The ‘flat bread’ theory

We’ve all heard about the flat earth theory, but have you come across the ‘flat bread’ theory before? Of course you may be excused if you’re not familiar with this particular hypothesis, mainly because it’s just some mad notion I came up with myself. But I am sure there is some sense to it.

The Mr and I have this flatbread recipe that we probably make with dinner at least twice a week. It’s super easy (using only four ingredients), it’s pretty quick (you just need your muscles to roll the individual breads out), and it works really well with a lot of our favourite mid-week meals (like smokey lentil soup, and spiced chickpeas).

We’ve been making it now for a few months, and it only recently occurred to me that there is something pretty special about this recipe (and it’s not just because it makes amazing bread). I realised that while the recipe has always been successful, it’s only in the last few weeks that the batches have become incredible. Now I know that the more you make something the more familiar you get with the recipe and the techniques involved, but I think there’s actually more to it than that.

The most delicious flatbread

As with any successful partnership, I think it takes time for you and a recipe to get to know each other, and it’s a relationship that goes beyond merely making sure the ingredients are measured correctly, or ensuring that everything is blended together in the right way. It’s like the recipe needs to know that you’re really serious about perfecting it.

Rather than it being a recipe that you make once and move on from, a truly great recipe is one which works with you time and time again, until one day the end result goes from being something great to something amazing. Cooking therefore becomes a form of creative collaboration between maker and recipe, with the partnership only revealing its full potential after a certain passage of time.

Of course, this ‘flat bread’ theory could be extended and applied to any recipe, and perhaps more broadly to many interactions between ourselves and another. Perhaps this theory could underpin a new life philosophy, gathering followers near and far? Or maybe we should just take this analysis as a sign that we should all start eating more of this delicious flat bread?


Before I leave you to wonder about the various joys of flatbread or to speculate on whether I’ve gone completely mad, I have a few other bits and pieces to share with you:

:: My latest submission to Sparkapolooza can be found here. The brief this fortnight was ‘all wrapped up’, and I decided to write about bogans! You can find all the wonderful submissions here.

:: I’ll be joining Jo, Laura and lots of other lovely bloggers in a challenge throughout March. It’s the ‘Do Something Different Everyday’ challenge and should be lots of fun. You can find all the details over here, so hopefully you’ll decide to take part too.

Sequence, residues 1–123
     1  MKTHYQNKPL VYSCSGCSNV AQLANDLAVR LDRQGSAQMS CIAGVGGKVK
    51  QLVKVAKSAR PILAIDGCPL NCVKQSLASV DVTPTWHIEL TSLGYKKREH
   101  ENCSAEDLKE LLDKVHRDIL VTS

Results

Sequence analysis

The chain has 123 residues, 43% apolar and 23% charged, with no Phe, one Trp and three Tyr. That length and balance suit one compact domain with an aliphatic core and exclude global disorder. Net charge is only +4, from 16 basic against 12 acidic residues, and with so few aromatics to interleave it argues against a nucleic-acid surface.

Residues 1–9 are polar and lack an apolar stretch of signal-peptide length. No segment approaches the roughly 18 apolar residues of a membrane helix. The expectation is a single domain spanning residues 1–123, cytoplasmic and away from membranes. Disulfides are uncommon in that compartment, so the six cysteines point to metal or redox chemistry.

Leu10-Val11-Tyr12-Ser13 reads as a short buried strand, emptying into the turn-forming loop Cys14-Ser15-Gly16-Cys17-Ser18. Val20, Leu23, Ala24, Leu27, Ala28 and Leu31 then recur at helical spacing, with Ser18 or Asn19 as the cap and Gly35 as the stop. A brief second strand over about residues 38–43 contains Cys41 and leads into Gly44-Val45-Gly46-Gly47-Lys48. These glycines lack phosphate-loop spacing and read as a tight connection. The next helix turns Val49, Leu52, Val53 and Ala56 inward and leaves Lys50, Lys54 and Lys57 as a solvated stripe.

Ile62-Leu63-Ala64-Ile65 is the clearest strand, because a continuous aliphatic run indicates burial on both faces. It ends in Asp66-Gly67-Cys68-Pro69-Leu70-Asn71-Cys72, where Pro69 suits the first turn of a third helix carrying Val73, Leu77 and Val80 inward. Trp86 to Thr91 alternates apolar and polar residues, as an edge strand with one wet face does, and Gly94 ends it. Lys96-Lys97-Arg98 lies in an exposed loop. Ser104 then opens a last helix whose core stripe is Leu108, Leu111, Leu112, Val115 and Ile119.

:: My lovely friend Sofia is having an incredible clearance sale in her store, with everything currently 70% off! I’ve already done some shopping, but don’t worry … I left plenty for you!

And so the end of February is almost here … are you going to do something special with the extra day this year? I’m working on a few ideas myself. I do believe February 29th deserves some attention given that we don’t see it all that often.


  1. katiecrackernuts

    I call it the made with love theory. I know if I haven’t made something with love it tastes worse than if I was careful and considerate and patient with my making. Careful, considerate and patient – all words for a successful relationship, don’t cha think?

    1. tracey (Post author)

      Hi Katiecrackernuts – Yes, the ‘made with love’ theory is definitely another way of looking at it. I find it incredible that you can make the same thing time and time again, yet your mood will completely alter the outcome of the recipe.

      Oh yes, I totally agree with you on your words for a successful relationship. 🙂

  2. Andrew

    The flatbread looks fantastic. I must try this recipe sometime. 🙂

    Best of luck with your March challenge.

    1. tracey (Post author)

      Hi Andrew – Thanks so much … I highly recommend the bread, it’s so simple to make, and works out so deliciously well.

      I hope the March challenge treats me well. 🙂

  3. Sara

    I love this theory! Or is it a philosophy perhaps? Either way, it’s good. I’m gonna try and make friends with flatbread, it’s definitely going to enjoy spending meal times with us. Thanks!

    1. tracey (Post author)

      Hi Sara – I’m so glad you liked it! I think it’s perhaps one-third theory and two-thirds philosophy … a bit of everything. It’s a really lovely recipe, and it’s so simple. The worst part is having to roll out the bread, but perhaps that’s just because I’m a lazy cook! 😉

  4. Sara

    In fact Tracey, I really love it. I blogged about it! Linked back to you here of course. Thank you. x sara

    1. tracey (Post author)